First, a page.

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Ocimum basilicum, Cinnamon Basil, untreated

£0.79

Cinnamon basil, also known as Mexican spice basil, has a spicy, fragrant aroma and flavor. It contains methyl cinnamate, the same chemical that gives cinnamon its flavour.

Cinnamon basil has somewhat narrow, slightly serrated, dark green, shiny leaves with reddish-purple veins, which can resemble certain types of mint, and produces small, pink flowers from July to September. Its stems are dark purple. Cinnamon basil grows to 18–30 inches tall.

Cinnamon basil is an easy-to-grow herb. It requires six to eight hours of bright sunlight per day. Although it is often grown as an annual, it is a perennial in USDA plant hardiness zones 9–11. Cinnamon basil is sometimes planted near tomatoes and roses to discourage pests such as whiteflies.

Sweet basil is commonly grown as an aromatic culinary and medicinal herb in warm temperate and tropical climates.

The growing or dried plant is an effective insect repellent. It is a good plant to grow in the home, where it repels flies, or in the greenhouse where it can keep all manner of insect pests away from nearby plants. It has been used in the past as a strewing herb.

Sweet basil has been used for thousands of years as a culinary and medicinal herb.

Basil is a perennial plant in the tropics, but it is frost tender and needs to be grown as a half-hardy annual in temperate zones. It requires a good hot summer in Britain if it is to do well outdoors.

It is a very good companion plant to grow in the house or greenhouse, its aromatic foliage helping to reduce problems caused by insect pests.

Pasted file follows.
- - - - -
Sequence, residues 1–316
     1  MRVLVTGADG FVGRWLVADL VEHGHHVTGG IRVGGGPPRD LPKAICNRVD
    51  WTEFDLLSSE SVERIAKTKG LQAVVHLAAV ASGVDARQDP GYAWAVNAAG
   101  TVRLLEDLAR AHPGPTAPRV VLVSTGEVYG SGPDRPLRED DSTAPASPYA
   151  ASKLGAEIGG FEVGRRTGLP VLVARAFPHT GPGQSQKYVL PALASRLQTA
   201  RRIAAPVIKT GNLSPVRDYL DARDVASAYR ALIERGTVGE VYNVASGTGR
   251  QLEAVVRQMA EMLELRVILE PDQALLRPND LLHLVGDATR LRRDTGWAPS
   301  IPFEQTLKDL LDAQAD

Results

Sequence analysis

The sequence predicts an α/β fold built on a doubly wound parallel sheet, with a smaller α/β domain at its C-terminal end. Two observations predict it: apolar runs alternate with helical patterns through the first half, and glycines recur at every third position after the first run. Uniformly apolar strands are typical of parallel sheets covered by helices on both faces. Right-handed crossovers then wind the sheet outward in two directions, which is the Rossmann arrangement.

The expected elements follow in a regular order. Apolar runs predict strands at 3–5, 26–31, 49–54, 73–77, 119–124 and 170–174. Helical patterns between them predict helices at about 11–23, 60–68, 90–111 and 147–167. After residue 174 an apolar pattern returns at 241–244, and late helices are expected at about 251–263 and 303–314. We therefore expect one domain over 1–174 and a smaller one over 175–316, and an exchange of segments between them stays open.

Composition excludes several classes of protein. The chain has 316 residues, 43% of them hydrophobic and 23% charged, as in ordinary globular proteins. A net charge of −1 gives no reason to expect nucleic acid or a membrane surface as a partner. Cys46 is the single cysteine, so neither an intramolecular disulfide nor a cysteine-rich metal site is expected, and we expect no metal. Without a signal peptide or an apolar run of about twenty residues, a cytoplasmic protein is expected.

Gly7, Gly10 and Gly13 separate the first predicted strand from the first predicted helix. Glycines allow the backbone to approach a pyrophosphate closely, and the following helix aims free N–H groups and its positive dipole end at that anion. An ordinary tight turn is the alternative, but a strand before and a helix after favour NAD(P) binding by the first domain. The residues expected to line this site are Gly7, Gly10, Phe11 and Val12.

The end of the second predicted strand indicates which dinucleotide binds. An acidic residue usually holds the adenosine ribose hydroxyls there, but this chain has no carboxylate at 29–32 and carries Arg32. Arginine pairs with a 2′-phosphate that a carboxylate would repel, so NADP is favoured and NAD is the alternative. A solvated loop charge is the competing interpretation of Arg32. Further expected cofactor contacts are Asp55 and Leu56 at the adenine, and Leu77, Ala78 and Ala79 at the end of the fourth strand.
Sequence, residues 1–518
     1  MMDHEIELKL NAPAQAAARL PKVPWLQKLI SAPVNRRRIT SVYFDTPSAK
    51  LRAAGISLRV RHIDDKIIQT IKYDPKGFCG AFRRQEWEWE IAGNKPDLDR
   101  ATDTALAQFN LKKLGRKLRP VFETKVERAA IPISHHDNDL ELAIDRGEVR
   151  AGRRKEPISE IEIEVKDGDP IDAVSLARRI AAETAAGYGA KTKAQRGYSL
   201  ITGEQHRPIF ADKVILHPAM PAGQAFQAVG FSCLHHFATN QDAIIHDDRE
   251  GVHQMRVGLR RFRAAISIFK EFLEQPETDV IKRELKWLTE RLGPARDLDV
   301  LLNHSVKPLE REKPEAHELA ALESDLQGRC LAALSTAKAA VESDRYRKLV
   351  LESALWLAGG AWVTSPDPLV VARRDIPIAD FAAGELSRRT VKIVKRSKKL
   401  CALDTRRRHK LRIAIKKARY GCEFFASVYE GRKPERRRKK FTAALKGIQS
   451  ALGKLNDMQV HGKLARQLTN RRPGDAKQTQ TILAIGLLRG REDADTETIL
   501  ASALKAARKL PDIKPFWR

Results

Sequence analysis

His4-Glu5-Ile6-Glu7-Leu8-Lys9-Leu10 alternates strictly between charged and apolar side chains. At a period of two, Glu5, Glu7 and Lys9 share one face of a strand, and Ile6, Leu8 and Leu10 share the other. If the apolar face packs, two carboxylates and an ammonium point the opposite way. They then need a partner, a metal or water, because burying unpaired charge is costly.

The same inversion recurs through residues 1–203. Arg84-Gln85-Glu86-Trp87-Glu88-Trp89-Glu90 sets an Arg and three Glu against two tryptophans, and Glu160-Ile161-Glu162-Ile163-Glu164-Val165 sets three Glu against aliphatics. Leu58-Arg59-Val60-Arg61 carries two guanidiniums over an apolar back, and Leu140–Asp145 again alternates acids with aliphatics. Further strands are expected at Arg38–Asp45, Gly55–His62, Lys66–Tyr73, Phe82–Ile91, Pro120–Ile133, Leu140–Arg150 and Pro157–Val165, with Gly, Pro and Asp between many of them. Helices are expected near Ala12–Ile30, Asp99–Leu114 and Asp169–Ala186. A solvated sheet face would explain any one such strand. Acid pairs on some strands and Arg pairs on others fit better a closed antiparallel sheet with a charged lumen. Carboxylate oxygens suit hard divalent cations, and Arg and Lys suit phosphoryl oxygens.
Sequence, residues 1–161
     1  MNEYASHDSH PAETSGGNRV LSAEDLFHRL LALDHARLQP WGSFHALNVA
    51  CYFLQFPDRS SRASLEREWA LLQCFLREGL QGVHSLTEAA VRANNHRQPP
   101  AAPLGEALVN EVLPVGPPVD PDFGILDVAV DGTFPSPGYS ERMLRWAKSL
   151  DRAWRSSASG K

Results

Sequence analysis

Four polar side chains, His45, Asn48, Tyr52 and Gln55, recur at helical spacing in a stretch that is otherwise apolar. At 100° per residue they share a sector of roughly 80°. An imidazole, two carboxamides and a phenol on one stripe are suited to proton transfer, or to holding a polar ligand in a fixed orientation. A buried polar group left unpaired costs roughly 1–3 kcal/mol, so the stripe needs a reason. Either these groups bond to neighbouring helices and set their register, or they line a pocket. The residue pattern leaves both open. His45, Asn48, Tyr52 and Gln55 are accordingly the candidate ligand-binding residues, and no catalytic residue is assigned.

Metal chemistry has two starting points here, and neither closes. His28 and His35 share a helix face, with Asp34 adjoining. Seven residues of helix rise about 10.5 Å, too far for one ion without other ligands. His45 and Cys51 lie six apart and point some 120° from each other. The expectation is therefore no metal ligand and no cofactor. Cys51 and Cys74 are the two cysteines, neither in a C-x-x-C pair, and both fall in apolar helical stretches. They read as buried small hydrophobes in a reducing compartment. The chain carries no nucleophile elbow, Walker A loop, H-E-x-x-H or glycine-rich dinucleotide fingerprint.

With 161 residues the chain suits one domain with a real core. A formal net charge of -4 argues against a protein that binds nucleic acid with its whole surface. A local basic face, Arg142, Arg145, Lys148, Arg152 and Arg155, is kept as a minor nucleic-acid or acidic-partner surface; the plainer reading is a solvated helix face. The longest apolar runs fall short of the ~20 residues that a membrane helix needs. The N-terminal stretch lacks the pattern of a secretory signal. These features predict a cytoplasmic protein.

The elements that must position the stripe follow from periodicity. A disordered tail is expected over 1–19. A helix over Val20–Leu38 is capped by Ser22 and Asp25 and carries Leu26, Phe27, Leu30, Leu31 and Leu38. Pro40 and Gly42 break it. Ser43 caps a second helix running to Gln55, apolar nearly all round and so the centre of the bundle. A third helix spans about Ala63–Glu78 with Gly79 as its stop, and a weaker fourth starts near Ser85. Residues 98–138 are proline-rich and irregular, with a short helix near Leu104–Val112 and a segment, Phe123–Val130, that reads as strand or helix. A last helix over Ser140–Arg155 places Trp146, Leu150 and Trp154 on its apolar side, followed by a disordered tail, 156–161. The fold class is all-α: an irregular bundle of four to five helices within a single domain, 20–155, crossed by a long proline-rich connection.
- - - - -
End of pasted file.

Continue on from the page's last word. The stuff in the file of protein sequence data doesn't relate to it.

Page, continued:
Sweet basil is a good companion plant for tomatoes but it grows badly with rue and sage. When grown near raspberries it can retard their fruiting.

Sow mid to late spring in a greenhouse and only just cover the seed. Germination is usually free and quick, prick out the seedlings into individual pots when they are large enough to handle. If growing basil outdoors, plant out after the last expected frosts.

Edible uses

Leaves and flowers - raw or cooked. Used as a flavouring or as a spinach, they are used especially with tomato dishes, pasta sauces, beans, peppers and aubergines. The leaves are normally used fresh but can also be dried for winter use. A very pleasant addition to salads, the leaves have a delightful scent of cloves. Use the leaves sparingly in cooking because the heat concentrates the flavour.
A refreshing tea is made from the leaves. The seed can be eaten on its own or added to bread dough as a flavouring. When soaked in water it becomes mucilaginous and can be made into a refreshing beverage called 'sherbet tokhum' in the Mediterranean.

An essential oil obtained from the plant is used as a food flavouring in mustards, sauces, vinegars etc.

http://practicalplants.org/wiki/Ocimum_basilicum

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